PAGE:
You were thirteen years old. You went food shopping with your mother because she said she'd take you to Tower Records afterwards. For a while, you'd only by magazines here. They had the best video game magazines but since you were on the verge of turning fourteen, you wanted to be cool and the only place to do that was at Tower Records.
The coolest kids worked there. And you wanted to be one of them. You just grew your hair out long enough to touch your shoulders and you spent most of your time rolling around on a skateboard. You were a fringe kid and so were the Tower Records employees. And whenever you went in there, they were always so nice to you.
This taught you the one -- also the most important -- thing about being cool. You have to be nice, really nice, exceptionally nice. And not the kind of nice that people are because they just want something from you. They were genuinely nice to you. When you asked about the two Tegan and Sara records you wanted, no one laughed at you. They were surprised you knew who they were.
Your mother, who owns records, would talk to you about how easy you have it. CDs are a lot easier to listen to, especially since you just got a shock-resistant portable CD player. When you got home, she showed you how records worked. She placed an old 45 on the player and gently placed the needle on top of it.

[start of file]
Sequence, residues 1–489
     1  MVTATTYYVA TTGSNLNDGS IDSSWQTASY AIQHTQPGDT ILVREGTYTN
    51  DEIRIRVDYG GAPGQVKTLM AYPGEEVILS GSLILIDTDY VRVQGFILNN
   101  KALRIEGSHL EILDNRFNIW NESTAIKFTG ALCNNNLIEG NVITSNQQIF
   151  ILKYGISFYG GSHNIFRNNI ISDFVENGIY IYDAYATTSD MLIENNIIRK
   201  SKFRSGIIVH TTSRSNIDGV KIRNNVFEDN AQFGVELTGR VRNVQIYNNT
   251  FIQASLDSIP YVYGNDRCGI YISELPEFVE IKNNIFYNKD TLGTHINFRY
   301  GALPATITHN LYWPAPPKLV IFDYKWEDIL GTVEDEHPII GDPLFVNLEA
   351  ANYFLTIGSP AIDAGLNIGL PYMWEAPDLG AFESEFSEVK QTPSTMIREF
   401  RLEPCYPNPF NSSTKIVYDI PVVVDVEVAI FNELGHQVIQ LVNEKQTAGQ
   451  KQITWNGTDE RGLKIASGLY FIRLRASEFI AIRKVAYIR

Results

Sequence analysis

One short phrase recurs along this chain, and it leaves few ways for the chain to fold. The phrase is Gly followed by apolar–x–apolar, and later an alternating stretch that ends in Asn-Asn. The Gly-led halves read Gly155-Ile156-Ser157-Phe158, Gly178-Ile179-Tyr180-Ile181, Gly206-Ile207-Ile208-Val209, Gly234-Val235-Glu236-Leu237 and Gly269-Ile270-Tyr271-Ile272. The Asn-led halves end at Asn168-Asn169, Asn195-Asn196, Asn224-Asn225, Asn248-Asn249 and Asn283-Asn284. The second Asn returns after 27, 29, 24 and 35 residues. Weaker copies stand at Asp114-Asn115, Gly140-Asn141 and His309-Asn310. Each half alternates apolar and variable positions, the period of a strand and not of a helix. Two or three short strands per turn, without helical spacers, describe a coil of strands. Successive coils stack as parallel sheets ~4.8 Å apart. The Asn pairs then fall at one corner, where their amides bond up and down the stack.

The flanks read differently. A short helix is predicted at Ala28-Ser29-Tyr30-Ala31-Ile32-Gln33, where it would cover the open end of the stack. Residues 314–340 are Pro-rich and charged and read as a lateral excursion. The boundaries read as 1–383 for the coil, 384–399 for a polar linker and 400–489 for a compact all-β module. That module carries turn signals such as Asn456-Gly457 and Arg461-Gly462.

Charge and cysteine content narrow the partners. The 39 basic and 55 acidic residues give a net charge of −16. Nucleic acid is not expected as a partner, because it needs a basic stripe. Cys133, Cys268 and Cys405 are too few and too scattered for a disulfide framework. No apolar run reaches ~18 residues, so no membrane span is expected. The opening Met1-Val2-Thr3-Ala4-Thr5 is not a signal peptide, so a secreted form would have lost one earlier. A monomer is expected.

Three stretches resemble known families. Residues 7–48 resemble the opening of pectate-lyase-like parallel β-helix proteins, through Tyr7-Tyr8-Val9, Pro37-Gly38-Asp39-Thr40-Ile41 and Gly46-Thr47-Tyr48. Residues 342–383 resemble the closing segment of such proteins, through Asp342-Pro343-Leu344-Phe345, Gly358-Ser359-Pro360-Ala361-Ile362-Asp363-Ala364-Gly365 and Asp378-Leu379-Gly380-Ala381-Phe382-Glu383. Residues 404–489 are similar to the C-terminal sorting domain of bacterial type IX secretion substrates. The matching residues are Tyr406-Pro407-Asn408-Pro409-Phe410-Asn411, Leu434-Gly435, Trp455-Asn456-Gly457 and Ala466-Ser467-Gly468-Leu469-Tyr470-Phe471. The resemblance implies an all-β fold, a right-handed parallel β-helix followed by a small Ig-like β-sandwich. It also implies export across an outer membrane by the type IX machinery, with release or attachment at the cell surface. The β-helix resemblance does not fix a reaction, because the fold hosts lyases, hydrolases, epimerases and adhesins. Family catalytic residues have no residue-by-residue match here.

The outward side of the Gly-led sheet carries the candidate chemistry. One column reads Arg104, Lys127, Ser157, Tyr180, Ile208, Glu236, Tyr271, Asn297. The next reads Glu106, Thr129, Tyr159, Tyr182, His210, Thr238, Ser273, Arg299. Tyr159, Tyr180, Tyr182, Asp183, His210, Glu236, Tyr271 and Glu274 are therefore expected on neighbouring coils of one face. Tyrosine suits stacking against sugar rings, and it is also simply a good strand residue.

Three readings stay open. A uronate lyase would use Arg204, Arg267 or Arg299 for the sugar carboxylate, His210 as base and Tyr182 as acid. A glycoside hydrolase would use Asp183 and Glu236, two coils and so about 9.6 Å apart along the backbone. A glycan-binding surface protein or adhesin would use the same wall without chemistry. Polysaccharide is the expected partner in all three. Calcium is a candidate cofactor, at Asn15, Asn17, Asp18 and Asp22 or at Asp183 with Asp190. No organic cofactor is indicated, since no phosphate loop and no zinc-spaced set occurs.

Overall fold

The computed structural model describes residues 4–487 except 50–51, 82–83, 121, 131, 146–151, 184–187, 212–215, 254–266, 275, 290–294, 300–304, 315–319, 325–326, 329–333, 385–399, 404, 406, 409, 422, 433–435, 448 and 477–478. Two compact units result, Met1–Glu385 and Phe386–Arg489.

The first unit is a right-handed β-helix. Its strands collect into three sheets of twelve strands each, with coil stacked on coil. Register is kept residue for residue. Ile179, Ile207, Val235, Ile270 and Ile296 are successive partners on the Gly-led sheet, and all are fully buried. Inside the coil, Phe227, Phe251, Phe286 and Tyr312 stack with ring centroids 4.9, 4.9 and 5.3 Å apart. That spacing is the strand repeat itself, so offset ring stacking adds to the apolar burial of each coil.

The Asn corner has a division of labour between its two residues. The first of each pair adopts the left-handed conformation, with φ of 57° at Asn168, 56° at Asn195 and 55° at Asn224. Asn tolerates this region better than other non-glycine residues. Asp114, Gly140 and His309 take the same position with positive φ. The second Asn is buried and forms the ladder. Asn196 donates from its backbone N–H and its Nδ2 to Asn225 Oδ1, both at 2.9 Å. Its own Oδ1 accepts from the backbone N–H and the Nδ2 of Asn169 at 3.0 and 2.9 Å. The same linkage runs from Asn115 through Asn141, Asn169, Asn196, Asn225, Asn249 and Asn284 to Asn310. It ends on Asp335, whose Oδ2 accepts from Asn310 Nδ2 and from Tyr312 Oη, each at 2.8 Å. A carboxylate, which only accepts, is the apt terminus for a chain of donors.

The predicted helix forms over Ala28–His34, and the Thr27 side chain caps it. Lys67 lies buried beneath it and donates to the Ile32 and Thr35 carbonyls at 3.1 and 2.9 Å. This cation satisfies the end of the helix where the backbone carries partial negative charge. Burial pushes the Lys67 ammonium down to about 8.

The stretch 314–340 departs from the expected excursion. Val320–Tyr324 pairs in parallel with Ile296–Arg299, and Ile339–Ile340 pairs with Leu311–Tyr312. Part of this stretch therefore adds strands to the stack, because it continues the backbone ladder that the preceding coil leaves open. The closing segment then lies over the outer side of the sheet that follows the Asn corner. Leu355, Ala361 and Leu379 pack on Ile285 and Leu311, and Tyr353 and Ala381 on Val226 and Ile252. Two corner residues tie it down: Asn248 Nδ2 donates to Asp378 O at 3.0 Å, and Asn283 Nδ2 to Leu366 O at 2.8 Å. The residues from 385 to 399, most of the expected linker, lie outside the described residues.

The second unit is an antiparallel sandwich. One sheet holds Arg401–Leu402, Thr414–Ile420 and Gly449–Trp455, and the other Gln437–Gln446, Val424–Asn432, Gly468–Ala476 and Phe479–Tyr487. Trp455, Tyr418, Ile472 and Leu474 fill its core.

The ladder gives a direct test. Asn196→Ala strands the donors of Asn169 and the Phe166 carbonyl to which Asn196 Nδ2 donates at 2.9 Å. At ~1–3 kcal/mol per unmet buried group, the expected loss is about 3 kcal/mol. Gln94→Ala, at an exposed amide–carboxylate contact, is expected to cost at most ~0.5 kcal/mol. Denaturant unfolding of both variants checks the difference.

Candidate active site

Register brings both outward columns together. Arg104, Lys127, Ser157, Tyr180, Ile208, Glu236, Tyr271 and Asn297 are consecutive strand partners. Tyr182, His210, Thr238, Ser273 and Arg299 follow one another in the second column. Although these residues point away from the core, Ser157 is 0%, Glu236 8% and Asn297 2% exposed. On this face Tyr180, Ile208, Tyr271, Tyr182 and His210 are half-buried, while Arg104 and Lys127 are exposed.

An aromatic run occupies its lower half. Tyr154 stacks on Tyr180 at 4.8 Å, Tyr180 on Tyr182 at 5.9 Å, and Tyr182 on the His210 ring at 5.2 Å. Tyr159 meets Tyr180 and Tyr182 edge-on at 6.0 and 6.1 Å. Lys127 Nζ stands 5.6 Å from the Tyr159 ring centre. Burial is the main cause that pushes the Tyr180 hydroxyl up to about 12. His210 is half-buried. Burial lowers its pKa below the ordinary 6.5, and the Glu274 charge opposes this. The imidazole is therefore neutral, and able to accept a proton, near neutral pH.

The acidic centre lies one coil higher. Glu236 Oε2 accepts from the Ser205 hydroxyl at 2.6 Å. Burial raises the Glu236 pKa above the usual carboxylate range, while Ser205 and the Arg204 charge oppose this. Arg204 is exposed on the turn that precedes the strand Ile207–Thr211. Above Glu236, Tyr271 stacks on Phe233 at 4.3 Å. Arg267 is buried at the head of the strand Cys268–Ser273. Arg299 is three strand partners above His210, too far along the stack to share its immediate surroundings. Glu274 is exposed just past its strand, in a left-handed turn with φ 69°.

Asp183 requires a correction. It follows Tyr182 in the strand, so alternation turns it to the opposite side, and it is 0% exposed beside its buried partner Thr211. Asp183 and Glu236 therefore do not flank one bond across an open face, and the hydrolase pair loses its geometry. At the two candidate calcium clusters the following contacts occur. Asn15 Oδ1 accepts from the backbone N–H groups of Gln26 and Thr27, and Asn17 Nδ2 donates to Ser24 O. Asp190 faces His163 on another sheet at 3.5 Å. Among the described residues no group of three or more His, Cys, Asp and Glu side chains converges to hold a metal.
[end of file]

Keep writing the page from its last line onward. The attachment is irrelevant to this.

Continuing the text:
You were astounded. You didn't know how they worked or how high-fidelity music would play through the speakers. You remember putting your headphones on afterwards and slamming a CD into your player and listening to the albums you just bought. You wondered if you would, one day, have the same conversation with your child about the way they listen to music.
These days, you remember what it was like to walk into a Tower Records and getting the feeling of wanting to hang out in there, even if you weren't buying anything. You remember when you reached the proper "working age" and how upset you were that Tower Records had gone out of business. You never really understood why or how that happened. It was a mecca for weirdos like yourself and now you felt like you didn't have one.
When you say the trailer for Colin Hanks' All Things Must Pass, it reminded you of this. The way you'd stare into the local Tower Records and wish you were old enough to spend your nights talking about music and smoking cigarettes outside of the store. And now, you feel like you missed out on something spectacular. You hope that watching this documentary will make you feel a part of the past you were never involved in.
All Things Must Pass comes out on October 16th, 2015